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Montevideo, May 25th 2019 - 21:18 UTC

Crucially different from Hong Kong

Thursday, April 11th 2013 - 15:26 UTC
Full article 69 comments

By Steve Tsang (*) - Prime Minister Margaret Thatcher fought a war with Argentina to defend the Falklands, but she negotiated with China over the future of Hong Kong. Should the apparent success of British diplomacy in securing an acceptable future of Hong Kong be a shining example for a similar solution for the Falklands?

Thatcher’s answer today would almost certainly have been a simple “no.” She preferred to let Hong Kong’s citizens choose to stay British – or not. (Ethnicity was not the deciding factor. She did not defend the Falklands because the residents are Anglo-Saxon, and she did not allow for Hong Kong’s separation because its residents are mostly ethnic Chinese.)

Thatcher fought a war to defend the Falklands, but she negotiated over the future of Hong Kong. The difference boils down to geography.

Thatcher explored the possibility of returning to China the New Territories, the lease of which was to expire in 1997, but keeping the southern tip of Kowloon peninsula and Hong Kong Island, ceded to Britain in perpetuity. She gave up this idea only after seeing the boundary between the two – which would have been completely indefensible. It is Boundary Street, just an urban road in Kowloon. When Thatcher realized that holding on to Hong Kong proper was not practicable, she used diplomacy to negotiate with China for the best deal she could get for the people of Hong Kong.

It was not a deal that people in Hong Kong particularly wanted. They accepted it because there was no choice. Sixteen years later, significant voices in Hong Kong have called for a return to British jurisdiction.

Hong Kong since 1997 has stayed prosperous and stable, but genuine democratization is not allowed. As a model, it does not appeal to the Falklanders. Since this time Britain can afford to grant a choice, the citizens should be allowed to choose their own future.

(*) Steve Tsang a professor of contemporary Chinese studies at the University of Nottingham and the director of the China Policy Institute is the author of among other books “A Modern History of Hong Kong”.”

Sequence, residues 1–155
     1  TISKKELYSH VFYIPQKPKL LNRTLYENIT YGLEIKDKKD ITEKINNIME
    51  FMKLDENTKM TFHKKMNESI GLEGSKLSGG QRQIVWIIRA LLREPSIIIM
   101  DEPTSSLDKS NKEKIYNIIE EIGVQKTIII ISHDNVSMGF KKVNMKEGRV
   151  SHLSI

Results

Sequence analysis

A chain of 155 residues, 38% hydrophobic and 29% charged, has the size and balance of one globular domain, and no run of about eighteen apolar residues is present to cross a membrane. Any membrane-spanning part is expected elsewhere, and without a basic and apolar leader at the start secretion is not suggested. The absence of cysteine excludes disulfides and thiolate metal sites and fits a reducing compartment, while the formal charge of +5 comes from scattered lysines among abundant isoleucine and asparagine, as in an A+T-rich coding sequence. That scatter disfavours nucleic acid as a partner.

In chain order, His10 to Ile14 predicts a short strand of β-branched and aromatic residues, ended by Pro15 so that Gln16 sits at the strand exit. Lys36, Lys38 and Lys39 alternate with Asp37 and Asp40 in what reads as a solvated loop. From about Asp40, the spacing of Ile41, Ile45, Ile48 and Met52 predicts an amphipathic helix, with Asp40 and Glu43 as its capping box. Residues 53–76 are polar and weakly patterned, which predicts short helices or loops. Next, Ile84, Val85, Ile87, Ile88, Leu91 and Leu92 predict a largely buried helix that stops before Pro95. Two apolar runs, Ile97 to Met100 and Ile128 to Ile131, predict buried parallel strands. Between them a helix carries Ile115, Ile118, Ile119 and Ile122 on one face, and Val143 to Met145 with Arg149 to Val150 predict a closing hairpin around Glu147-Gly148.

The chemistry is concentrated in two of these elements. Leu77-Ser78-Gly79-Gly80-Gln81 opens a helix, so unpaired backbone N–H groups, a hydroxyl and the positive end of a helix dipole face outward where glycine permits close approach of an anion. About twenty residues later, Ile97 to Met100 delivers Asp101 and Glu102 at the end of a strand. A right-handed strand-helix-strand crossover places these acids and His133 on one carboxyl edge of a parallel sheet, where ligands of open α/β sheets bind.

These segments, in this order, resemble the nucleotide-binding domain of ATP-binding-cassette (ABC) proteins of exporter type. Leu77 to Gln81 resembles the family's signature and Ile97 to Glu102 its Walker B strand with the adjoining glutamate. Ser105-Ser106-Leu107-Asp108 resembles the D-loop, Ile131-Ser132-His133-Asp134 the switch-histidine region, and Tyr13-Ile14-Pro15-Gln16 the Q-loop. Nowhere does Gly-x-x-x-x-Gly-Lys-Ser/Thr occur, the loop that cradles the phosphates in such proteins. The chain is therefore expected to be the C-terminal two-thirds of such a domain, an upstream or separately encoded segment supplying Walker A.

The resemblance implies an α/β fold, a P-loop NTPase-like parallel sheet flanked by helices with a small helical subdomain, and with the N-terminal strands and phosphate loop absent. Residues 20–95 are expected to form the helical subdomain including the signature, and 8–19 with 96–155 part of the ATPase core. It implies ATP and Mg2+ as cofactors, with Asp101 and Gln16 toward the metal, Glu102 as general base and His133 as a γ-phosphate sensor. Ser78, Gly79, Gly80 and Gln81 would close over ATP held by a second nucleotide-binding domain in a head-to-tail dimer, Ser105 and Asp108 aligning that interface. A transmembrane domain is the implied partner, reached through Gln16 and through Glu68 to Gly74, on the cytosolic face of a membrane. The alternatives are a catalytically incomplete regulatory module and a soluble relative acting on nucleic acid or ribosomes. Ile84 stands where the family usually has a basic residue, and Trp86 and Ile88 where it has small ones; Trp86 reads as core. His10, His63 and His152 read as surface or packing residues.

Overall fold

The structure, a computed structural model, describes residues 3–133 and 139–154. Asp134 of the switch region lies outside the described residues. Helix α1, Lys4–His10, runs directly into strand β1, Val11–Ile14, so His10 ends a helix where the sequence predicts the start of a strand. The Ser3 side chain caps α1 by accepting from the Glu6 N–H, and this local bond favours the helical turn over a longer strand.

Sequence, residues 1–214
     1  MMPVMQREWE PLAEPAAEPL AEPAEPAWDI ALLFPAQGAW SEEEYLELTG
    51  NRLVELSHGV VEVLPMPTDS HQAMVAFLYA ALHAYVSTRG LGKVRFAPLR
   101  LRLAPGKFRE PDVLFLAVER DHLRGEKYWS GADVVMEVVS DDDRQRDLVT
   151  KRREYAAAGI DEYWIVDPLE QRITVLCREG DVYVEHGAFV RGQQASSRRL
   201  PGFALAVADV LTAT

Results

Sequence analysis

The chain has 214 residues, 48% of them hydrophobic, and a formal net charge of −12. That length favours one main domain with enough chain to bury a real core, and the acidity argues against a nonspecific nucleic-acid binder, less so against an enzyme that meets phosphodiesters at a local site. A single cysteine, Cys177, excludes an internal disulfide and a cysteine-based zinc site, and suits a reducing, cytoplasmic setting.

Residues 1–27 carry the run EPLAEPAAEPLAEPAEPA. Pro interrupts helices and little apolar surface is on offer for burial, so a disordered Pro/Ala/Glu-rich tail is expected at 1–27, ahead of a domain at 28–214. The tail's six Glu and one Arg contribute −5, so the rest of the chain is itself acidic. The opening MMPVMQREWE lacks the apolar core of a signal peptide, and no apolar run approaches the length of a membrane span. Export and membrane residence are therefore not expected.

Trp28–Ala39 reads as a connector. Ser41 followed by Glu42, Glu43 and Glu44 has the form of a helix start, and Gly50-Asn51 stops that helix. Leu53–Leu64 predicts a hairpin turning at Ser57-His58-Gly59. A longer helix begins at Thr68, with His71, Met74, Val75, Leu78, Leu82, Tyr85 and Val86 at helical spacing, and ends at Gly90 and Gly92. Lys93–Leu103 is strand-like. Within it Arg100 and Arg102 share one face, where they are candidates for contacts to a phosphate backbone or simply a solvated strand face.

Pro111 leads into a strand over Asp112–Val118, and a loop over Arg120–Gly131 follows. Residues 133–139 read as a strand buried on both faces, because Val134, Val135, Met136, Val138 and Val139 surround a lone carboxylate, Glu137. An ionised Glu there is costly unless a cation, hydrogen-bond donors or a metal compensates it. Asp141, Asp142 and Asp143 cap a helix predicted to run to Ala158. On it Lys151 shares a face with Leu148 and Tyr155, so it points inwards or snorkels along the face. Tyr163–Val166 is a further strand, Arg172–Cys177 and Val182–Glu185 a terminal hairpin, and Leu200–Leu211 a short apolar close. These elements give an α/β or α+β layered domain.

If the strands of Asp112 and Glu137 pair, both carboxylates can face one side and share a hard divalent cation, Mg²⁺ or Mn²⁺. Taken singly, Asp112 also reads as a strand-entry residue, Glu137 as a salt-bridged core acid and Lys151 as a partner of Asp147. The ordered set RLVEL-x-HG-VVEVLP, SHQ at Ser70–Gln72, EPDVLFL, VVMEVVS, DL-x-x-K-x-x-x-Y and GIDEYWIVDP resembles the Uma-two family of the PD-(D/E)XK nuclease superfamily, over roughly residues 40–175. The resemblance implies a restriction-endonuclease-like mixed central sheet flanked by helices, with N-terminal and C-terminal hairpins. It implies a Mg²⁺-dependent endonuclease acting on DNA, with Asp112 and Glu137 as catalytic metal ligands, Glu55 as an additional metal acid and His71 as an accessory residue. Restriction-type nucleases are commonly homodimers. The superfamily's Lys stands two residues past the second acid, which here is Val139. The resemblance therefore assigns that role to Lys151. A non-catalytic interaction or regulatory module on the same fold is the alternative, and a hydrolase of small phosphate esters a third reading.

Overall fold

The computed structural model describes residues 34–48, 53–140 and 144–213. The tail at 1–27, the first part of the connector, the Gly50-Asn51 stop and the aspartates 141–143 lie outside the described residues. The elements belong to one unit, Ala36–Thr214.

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  • Anbar

    Just beating Raul to the punch with his copy&paste post:

    “””The Argentine government maintains Resolution 2065 represents an endorsement by the UN General Assembly of their sovereignty claim. While there was support for their position during the debates in the Special Committee on Decolonisation and in the Fourth Committee of the General Assembly, there is nothing in the text of the Resolution that directly sustains such a conclusion. There is no explicit reference to operative paragraph 6 of Resolution 1514 (see above) nor to maintaining “territorial integrity” of a divided country. Resolution 2065 merely invited the Argentine and British governments to proceed with negotiations “with a view to finding a peaceful solution”. The strongest point made by the Argentine government is that reference to the “interests of the population” implies “leaving aside the principle of self-determination” (see A/66/696, p. 7), but in the light of diplomatic practices of constructive ambiguity this is insufficient to be regarded as endorsement of the Argentine claim to sovereignty.
    The UN is willing to accept independence, integration with a neighbouring country, integration with the colonial metropolitan country or free association with another country, as outcomes from decolonisation. In each case, this has been done with the explicit approval of the people of the territory, through an election or a plebiscite. The only exception, since the establishment of the Special Committee on Decolonisation, has been the return of Hong Kong to Chinese rule. “””

    Apr 11th, 2013 - 03:36 pm 0
  • Stevie

    Maggie of the Maggots was also a chemist. With the Chinese, she turned those iron balls into cotton :)

    Apr 11th, 2013 - 03:39 pm 0
  • Faz

    There was a lease on HK which expired, there is no lease on the Falkands. Britain honoured the lease. Argentina has shown itself to be very aggressive totally untrustworthy there is no possibility that Britain or the Islanders will ever trust Rgland again. No deal!

    Why become a colony of Argentina, it would ruin the economy and lead to racist suppression just like the Amerindians have suffered.

    Apr 11th, 2013 - 03:40 pm 0
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